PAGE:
Sabbath is about marking time as sacred--to set it apart. In his book, A Day Apart: How Jews, Christians and Muslims Find Faith, Freedom and Joy on the Sabbath
, Christopher Ringwald writes “On that seventh day, God ends Creation. He ceases and He divides this one day from the others by marking it as holy. After blessings things that He has created over six days, God now blesses time, the seventh day.” (A Day Apart
, p. 36) A blessing of time, the Sabbath is about entering into Divine time, a holy time…a time set apart.
Sabbath is linked to creation in the Hebrew Scriptures. It is not just linked in Genesis as we heard in the story, it is repeated throughout the scriptures. For example, in Exodus, “In six days God made heaven and earth, and on the seventh day God rested and was refreshed.” Muller explains, ”refreshed…literally means God exhaled.. The creation of the world was like the life-quickening inhale; the Sabbath is the exhale. Without the Sabbath exhale, the life-giving inhale is impossible.” (Sabbath: Restoring the Sacred Rhythm of Rest
, p. 36)
Our bodies know this sacred rhythm; nature knows it. We see it everywhere when we pay attention, in music there must be a rest, a silence, a pause. When one watches young children or pets, when they get tired or sick, they stop, they rest. They don’t say I’ll go fetch the ball one more time or play one more game, they stop. They exhale so that they can resume the inhale. Too often, adults only learn it when their bodies simply won’t let them keep doing. How many people only learn to rest, to take a break, when their bodies finally break down and force them to stop? If we don’t chose to make time to rest, then our bodies will make the choice for us and I know that our bodies will not consult our calendars and to-do lists when they do so.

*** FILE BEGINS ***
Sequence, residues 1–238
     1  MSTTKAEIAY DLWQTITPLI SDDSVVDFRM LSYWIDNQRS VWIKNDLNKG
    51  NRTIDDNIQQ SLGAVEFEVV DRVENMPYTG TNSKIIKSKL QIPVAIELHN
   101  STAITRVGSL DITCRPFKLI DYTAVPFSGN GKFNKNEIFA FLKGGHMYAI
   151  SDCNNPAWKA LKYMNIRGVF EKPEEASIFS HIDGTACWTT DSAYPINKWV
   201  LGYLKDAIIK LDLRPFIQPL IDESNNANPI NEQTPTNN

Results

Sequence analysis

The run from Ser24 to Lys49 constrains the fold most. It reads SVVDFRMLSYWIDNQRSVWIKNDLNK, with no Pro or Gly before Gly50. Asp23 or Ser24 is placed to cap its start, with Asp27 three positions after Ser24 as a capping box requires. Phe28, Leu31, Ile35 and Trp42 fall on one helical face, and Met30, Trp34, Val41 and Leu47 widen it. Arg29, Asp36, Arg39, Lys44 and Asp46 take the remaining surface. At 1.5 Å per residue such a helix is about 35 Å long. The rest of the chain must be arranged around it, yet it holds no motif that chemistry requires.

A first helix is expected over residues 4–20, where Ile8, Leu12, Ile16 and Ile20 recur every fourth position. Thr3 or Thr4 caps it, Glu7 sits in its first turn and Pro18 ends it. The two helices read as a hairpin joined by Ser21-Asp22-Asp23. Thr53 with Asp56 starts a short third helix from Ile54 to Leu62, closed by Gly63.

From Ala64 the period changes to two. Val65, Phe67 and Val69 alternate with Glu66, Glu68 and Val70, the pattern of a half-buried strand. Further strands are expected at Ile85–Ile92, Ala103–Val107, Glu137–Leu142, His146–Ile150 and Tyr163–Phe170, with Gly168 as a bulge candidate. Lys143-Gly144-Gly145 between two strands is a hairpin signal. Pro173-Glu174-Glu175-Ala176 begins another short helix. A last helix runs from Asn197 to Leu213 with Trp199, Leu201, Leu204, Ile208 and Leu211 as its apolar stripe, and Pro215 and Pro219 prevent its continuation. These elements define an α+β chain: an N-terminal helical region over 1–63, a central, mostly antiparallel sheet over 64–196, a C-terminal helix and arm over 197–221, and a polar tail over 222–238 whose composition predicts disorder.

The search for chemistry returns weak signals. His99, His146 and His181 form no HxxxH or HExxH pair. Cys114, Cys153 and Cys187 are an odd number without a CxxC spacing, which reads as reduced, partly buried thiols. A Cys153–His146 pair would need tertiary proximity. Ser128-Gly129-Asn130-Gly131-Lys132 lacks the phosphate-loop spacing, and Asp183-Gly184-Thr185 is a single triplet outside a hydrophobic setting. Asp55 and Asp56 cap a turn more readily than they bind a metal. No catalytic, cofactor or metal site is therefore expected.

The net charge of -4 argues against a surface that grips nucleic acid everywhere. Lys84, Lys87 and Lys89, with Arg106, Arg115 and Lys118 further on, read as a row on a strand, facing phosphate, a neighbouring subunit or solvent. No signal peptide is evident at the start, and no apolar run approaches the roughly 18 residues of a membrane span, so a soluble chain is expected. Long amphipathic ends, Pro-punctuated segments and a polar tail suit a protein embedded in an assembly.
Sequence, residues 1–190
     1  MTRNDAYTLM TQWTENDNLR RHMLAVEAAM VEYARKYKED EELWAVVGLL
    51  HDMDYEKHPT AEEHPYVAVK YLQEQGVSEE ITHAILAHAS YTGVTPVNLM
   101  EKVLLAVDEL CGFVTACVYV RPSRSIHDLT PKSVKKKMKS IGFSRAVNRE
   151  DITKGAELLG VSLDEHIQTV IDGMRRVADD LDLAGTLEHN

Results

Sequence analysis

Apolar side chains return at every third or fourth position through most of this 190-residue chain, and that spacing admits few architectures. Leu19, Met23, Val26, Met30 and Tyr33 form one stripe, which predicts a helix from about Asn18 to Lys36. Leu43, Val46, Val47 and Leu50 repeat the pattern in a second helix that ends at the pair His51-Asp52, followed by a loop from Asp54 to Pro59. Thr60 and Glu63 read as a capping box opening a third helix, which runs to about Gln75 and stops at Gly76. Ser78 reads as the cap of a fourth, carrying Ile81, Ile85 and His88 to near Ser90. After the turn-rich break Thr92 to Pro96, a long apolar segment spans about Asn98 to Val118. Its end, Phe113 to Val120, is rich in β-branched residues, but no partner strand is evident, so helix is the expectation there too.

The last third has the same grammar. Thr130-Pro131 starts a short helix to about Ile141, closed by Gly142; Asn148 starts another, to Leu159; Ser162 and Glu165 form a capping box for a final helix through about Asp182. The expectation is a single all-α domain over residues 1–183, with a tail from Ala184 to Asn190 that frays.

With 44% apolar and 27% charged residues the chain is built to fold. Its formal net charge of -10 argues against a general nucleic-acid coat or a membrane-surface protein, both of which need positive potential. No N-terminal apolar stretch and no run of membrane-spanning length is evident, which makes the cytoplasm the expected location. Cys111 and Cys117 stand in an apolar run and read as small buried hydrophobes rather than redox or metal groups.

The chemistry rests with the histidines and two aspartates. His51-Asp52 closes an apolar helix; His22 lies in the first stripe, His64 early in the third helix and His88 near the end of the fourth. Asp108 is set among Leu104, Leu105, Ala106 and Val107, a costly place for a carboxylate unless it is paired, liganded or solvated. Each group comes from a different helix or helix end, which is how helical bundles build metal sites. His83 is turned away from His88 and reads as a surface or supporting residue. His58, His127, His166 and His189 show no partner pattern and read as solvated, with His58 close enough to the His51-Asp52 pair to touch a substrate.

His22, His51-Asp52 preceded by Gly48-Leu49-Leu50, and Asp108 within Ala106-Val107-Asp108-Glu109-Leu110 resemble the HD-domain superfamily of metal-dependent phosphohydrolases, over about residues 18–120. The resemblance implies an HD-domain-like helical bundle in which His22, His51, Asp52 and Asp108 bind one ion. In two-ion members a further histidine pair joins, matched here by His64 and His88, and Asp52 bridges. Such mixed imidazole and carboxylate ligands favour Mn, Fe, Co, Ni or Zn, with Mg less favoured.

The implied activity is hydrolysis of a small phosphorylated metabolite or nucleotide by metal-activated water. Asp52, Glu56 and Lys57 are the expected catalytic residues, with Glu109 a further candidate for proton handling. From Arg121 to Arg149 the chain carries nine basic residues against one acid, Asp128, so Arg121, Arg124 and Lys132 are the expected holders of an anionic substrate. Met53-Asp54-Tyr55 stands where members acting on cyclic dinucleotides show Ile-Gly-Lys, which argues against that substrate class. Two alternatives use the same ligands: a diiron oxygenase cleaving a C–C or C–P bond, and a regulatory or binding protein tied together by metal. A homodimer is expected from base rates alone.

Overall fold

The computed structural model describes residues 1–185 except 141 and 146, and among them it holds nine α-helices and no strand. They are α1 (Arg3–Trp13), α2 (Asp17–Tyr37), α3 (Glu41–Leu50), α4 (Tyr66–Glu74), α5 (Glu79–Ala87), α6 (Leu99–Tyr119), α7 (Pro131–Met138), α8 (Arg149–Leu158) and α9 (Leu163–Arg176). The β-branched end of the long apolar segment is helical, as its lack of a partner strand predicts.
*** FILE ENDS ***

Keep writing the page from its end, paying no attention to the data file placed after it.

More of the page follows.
Jews have practiced Sabbath for thousands of years and I think have much to teach us all about it. It is a challenging practice. It is a practice of what is forbidden…work, kindling fire, carrying items – which in our contemporary times can include turning on lights, driving, cleaning, planting , weeding etc. As the story tells us, there are no lists on the Sabbath. The lists are put away, not because the work is done, but because it is Sabbath.
Sabbath is not convenient in the way we have come to think of it. Sabbath in the Jewish tradition requires preparation and planning. Yet in addition to all that is prohibited and restricted, there is an invitation to enjoy a specially prepared Sabbath meal, a nap, prayer, time with family and friends, lovemaking, and play. It is a freedom from menial labor. It is a day of blessing and thanksgiving.
In the Jewish Shabbat service on Friday evenings, Sabbath is welcomed in as a Bride with joy and celebration. It is not dreaded as a list of what is prohibited (remember no lists on the Sabbath) but rather joyfully welcomed. Candles are lit. Children are blessed. Juice or wine and Challah bread is consumed. It is both an individual family and communal practice.
Sabbath is sensual and connects with the earth. We connect with our bodies and other bodies—through conversation, through touch, through really seeing each other and the world. Sabbath is about being truly present to ourselves and to each other. Muller states “At our best, we become Sabbath for one another. We are the emptiness, the day of rest.” (Sabbath: Restoring the Sacred Rhythm of Rest
, p. 183)
Sabbath is both personal and communal. When we come together here in worship we are reminded that work and the tasks of day to day living are not all there is. Here we sing, we have time in silence, we hear readings and hopefully we receive something here that we can take out into the world. We are called to go deeper, to seek the holy, the sacred. As we raise up our community joys and concerns, we listen deeply and hold those joys and needs in our hearts. It is a way of practicing being Sabbath for one another.